Charlie Crist sets record for fastest flip-flop

In today's edition of the Friday files, we disclose which politician is a descendant of a Siamese twin, which one is a "Pants on Fire" liar, and more.

But first, we have a new record for Florida's fastest flip-flop.

Not surprisingly, the honor goes to Charlie Crist.

The new time to beat: Four hours and 24 minutes.

That's how long it took for the governor to take a stand last week — and then reverse himself.

The clock started Monday morning at 11:04 in the Sentinel's editorial conference room.

As Crist's endorsement interview was winding down, ed-board chief Mike Lafferty asked the governor why he had ignored repeated calls to look into wrongful convictions in Brevard County.

Already, courts have overturned the sentences of three men who spent years, even decades, behind bars for crimes they didn't commit. There may be others, because the same fraudulent — and later discredited — "expert witness" who helped convict them also testified in dozens of other cases. Some are still in prison, while others who are out now have felony records.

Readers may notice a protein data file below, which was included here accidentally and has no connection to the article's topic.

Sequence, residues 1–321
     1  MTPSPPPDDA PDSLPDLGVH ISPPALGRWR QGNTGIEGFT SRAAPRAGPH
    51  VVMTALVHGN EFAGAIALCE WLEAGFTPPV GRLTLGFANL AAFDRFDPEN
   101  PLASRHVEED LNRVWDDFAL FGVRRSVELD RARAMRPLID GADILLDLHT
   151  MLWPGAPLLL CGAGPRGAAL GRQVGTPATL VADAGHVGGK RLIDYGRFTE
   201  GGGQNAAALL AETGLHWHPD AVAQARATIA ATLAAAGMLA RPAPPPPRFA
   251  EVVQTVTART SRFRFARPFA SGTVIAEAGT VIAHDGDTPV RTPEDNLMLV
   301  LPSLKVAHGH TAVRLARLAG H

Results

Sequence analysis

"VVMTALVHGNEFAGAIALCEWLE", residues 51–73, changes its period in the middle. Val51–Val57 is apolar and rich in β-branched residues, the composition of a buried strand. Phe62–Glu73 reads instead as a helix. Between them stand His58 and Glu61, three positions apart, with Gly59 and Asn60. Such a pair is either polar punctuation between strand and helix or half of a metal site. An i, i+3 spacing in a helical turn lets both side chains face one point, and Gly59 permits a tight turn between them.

Yet, for nearly two years, Crist has ignored repeated calls for an independent investigation to determine how many others may have been wrongly convicted. "Why not?" Lafferty asked Monday.

Crist's response was immediate: "I'd be happy to."

It took him less than a second to offer his pledge. He went on to say it sounded like simply "a matter of justice."

It was practically a Hallelujah! moment.

Finally, we might get answers. Not automatically freed inmates, mind you. But a legitimate investigation into a series of injustices already proven to have occurred.

Except the excitement was short-lived.

At 3:28 p.m. — precisely four hours and 24 minutes after Crist told us he would be "happy" to call for an independent investigation into these rotten cases — his press office wrote to say that, in fact, he would not.

A spokesman said he had conferred with the governor's legal office and decided to stick with its original position that the governor needn't be involved.

One could almost laugh … if the stakes weren't so serious.

Fact-checking

I often receive notes from readers who want more resources for vetting political claims. Well, one of the best is the Pulitzer-prize-winning website, Politifact.com, which breaks down issues, examines accusations and calls out lies.

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